If you are tracking your nutritional intake or caloric intake, Fitbit’s app offers a really good database of local products to help you count your calories.
You can also use that to help you lose weight by setting a caloric deficit that you’d like to achieve.
Once you’ve logged everything in, Fitbit will also tell you about your macro-nutritional intake such as carbs, fats, proteins, vitamins and minerals. Unfortunately, it doesn’t suggest a recommended daily intake for vitamins and minerals which makes it quite hard to gauge if you’re getting enough.
The Fitbit app has a social media feature that allows you to join groups and conversations around a topic such as walking or sleeping better.
The app also offers some guided programs that you can follow along that teach you various skills including running techniques and mindfulness.
But most of the content is paywalled unless you have a Fitbit Premium subscription.
In fact, Fitbit blocks access to certain data such as your sleeping heart rate or Wellness Report if you aren’t a Fitbit Premium member.
User Review( votes)
The Versa 3 is a great smartwatch.
I liked that it had a good balance of general purpose functionality and excellent sports and health functionalities.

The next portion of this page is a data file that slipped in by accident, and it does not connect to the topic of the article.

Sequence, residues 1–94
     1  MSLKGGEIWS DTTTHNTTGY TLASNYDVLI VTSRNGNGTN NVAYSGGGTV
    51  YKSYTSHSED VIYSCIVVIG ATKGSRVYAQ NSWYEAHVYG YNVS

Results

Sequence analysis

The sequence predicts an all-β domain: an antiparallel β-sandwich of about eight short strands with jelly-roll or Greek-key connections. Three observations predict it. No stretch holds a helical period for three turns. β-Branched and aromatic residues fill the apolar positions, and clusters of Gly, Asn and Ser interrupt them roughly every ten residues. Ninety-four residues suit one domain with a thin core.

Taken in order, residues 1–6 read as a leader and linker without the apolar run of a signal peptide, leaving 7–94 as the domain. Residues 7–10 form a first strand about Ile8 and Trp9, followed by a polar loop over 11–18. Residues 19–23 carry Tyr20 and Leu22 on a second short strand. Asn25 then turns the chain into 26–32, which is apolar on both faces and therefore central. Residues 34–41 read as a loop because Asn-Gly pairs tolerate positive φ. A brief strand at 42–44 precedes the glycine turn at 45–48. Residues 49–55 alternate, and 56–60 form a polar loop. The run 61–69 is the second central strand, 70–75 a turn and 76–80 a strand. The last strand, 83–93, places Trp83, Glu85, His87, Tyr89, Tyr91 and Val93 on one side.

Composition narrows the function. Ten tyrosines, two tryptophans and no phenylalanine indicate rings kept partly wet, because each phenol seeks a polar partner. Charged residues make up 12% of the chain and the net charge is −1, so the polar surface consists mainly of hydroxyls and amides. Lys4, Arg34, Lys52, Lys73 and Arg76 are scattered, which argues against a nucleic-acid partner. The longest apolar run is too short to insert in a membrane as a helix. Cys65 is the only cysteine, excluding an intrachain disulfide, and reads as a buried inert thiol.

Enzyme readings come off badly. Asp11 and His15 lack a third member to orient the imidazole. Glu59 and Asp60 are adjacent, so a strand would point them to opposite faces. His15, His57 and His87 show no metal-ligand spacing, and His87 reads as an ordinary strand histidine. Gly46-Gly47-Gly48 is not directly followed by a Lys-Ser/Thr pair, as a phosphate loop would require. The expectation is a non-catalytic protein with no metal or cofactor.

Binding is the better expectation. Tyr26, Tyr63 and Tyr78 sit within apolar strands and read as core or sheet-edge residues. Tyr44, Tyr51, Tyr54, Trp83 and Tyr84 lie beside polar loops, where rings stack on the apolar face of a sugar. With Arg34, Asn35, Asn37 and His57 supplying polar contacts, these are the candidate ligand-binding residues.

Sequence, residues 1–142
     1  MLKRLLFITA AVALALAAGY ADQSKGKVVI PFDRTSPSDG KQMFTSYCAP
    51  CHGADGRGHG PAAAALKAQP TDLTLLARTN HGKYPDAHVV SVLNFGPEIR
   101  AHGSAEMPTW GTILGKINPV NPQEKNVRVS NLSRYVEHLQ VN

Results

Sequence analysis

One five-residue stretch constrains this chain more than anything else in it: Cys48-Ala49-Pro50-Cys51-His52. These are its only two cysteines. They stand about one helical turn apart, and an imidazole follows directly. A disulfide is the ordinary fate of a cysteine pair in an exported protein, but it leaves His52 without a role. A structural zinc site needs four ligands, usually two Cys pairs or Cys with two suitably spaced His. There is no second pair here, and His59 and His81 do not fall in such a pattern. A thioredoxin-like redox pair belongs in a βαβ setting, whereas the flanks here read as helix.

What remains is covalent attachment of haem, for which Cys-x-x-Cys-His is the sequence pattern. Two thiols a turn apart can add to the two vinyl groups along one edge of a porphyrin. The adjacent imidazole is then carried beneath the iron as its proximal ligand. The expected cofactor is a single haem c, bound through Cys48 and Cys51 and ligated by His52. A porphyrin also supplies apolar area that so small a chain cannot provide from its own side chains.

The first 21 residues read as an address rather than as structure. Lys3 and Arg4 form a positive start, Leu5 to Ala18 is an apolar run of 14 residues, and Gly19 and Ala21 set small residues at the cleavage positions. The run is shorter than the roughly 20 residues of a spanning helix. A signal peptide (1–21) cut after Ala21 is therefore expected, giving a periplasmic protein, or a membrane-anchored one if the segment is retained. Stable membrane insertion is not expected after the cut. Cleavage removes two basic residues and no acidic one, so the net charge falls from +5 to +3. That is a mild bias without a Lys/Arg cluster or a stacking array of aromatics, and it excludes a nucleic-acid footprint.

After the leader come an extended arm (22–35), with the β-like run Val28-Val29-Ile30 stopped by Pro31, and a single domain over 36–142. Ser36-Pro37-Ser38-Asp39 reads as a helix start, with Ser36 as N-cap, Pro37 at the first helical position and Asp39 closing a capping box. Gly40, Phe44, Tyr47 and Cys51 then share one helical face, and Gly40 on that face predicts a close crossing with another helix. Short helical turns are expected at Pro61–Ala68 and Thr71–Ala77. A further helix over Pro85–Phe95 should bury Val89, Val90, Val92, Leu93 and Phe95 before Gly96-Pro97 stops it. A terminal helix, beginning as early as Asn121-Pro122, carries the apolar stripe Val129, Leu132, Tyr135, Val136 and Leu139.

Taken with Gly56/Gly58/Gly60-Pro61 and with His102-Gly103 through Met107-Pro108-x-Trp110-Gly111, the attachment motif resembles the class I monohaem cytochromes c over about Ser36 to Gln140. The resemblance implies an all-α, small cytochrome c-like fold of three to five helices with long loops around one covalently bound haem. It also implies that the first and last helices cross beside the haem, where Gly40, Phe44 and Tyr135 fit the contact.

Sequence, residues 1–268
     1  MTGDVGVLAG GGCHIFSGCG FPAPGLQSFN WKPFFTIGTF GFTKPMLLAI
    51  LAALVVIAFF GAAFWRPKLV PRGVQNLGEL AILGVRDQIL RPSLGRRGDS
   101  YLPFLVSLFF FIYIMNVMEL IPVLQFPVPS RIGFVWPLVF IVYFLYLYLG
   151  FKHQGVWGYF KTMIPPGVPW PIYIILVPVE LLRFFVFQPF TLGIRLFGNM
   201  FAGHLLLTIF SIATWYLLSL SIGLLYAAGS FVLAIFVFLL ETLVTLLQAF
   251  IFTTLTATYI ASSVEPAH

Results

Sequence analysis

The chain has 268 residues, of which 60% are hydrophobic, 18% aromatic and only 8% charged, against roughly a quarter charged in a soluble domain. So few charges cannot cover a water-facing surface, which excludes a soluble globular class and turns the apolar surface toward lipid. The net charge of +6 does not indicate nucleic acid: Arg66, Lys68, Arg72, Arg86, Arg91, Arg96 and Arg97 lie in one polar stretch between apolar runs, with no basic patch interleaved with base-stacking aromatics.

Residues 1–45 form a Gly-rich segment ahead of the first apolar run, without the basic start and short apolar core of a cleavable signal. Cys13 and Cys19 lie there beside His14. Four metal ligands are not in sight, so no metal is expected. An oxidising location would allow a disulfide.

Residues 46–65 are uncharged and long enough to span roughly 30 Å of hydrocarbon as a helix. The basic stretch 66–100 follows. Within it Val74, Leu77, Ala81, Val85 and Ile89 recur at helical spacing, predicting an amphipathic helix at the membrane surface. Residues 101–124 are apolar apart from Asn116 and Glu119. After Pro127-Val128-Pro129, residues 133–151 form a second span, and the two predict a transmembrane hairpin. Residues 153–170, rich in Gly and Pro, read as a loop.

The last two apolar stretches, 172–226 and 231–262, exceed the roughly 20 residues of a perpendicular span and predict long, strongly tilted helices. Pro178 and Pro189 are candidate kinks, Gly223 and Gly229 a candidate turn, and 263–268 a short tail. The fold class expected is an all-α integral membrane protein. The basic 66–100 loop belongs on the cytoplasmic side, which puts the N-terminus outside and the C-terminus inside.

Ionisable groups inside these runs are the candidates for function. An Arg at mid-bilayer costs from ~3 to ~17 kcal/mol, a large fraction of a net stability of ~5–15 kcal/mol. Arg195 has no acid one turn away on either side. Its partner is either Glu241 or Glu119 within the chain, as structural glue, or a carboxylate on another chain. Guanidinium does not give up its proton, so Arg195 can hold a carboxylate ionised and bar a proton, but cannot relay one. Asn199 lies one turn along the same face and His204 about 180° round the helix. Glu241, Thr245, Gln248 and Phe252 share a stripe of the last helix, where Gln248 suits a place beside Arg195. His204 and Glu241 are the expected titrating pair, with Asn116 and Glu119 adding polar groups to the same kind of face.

I feel that if you earnestly used the Fitbit as a tool to help you improve your health whether it be weight loss, more exercise or more sleep, it can be very useful.
What it represents is a tool that can keep you aware of what you’re doing and whether you are doing enough of it in all the aspects that it covers.
I also like the Infinity Band, a band which I find is better than a lot of other watch straps including Apple’s Sport Band. I like the custom watch faces.
On the productivity front, it’s OK. Just OK.
But since most sports-oriented smartwatches (such as the high-end Garmins or Polars) require you to sacrifice a whole bunch of features, I think Fitbit is doing well here by giving users a voice assistant, a reliable speech to text feature for replying to messages and standard tools like timers and weather apps.